On Thursday, the 2022 NFL Draft began and on what was supposed to be a night where the hard work of hundreds of young men comes to fruition and when dreams are realized, all Andscape could focus on was the hopes that one specific quarterback would be drafted to keep a race quota going.
Liberty University quarterback prospect Malik Willis was projected to be drafted in the first round last night, but surprisingly did not hear his name called.
However, in anticipation for the draft, Andscape reporter Jason Reid was more focused on Willis’ skin color than anything else. This isn’t surprising coming from a guy who will have a book coming out in August titled, “Rise of the Black Quarterback: What it Means for America.”
“[I]f Willis, who rose to prominence as a top draft prospect while staring at Liberty University, is selected among the first 32 picks in the 87th NFL draft, it would mark the first time in league history that at least one Black signal-caller was chosen in the opening round in six consecutive years,” Reid wrote. “The improved standing of top Black quarterbacks who enter the draft after completing decorated careers in college is yet another example of the rise of Black passers in the sport overall.”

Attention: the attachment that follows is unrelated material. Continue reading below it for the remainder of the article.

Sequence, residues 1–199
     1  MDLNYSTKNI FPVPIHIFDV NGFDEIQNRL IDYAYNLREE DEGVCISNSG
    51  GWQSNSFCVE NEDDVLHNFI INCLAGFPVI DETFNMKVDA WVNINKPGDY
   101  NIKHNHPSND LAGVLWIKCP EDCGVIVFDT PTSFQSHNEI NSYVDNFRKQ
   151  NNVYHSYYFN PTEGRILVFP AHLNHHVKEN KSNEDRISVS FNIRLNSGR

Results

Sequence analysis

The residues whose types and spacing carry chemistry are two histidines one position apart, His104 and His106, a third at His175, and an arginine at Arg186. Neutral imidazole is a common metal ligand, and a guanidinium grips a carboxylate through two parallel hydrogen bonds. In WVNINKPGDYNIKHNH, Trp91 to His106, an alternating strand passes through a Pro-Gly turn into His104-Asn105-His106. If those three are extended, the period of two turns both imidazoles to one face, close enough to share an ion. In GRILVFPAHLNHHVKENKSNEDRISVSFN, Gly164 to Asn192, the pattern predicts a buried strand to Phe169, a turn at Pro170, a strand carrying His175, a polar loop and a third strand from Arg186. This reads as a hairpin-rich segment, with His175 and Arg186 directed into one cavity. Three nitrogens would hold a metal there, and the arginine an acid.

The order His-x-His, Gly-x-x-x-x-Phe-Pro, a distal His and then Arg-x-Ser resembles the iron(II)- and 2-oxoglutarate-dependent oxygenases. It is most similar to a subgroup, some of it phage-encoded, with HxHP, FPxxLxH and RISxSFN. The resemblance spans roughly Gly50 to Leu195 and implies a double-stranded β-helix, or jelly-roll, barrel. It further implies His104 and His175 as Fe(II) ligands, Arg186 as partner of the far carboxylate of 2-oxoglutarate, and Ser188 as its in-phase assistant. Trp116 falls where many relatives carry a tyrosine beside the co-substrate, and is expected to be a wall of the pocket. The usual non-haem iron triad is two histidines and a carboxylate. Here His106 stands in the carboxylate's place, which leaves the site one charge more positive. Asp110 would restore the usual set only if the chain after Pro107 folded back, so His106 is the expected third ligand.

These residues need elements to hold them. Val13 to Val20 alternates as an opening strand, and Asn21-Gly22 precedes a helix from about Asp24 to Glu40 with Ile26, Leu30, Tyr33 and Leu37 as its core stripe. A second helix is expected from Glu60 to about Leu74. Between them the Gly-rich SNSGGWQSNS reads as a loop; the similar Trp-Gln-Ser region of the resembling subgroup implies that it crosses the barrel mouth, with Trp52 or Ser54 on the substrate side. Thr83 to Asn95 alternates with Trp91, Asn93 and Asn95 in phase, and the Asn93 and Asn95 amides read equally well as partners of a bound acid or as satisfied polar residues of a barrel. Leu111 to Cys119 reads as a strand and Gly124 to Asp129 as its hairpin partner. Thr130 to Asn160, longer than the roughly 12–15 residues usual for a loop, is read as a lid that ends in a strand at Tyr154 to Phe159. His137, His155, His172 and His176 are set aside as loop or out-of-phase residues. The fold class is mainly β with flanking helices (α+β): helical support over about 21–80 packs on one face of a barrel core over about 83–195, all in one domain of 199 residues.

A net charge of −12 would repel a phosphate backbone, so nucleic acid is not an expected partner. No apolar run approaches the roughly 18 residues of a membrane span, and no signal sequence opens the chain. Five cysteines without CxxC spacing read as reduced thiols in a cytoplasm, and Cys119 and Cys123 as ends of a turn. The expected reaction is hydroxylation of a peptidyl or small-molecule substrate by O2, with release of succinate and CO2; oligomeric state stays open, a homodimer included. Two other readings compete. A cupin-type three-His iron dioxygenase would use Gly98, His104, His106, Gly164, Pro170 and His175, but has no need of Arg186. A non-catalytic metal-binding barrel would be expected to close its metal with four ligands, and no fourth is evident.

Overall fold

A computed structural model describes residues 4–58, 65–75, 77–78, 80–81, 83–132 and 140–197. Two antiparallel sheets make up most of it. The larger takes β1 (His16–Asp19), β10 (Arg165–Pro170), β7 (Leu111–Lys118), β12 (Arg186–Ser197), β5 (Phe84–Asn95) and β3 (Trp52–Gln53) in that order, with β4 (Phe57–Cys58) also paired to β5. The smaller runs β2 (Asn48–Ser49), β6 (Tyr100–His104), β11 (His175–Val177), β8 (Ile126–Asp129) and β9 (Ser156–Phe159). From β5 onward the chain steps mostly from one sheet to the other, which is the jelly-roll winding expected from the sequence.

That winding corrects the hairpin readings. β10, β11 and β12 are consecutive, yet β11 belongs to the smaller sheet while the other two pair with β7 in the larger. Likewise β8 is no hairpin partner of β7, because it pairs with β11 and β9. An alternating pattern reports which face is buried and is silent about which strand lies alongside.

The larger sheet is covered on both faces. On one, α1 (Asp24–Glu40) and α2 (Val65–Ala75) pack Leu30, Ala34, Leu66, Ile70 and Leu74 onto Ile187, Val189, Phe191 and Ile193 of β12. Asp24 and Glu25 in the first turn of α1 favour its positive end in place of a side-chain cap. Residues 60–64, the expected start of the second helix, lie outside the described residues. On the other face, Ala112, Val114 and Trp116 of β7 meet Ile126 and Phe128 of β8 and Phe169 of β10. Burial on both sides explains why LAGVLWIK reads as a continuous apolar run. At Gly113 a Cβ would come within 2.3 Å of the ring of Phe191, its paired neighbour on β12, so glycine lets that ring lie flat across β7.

That streak ended Thursday, but it's an inconsequential and irrelevant streak anyway -- the kind of stat only the race-obsessed would even notice, let alone waste words on.
That the NFL objectively had a history of thinking that black men are incapable of playing quarterback, but that idiocy was long ago kicked to the curb.
For those that care, black quarterbacks are some of the most prominent stars of the league right now. Patrick Mahomes, Lamar Jackson, Russell Wilson, Kyler Murray, and several others have taken the league by storm, and no one doubts their value or their ability to play the position. And there have been dozens of others. Yet somehow, we still see articles like this pop up claiming that it’s not enough to go correct an old narrative.
A black quarterback was not drafted in the first round last night (Kenny Pickett of the University of Pittsburgh was the only quarterback drafted on day one), but having more black gunslingers drafted in the first round does not make them more valuable. As long as people continue to see it this way, they will live in a world of stupidity.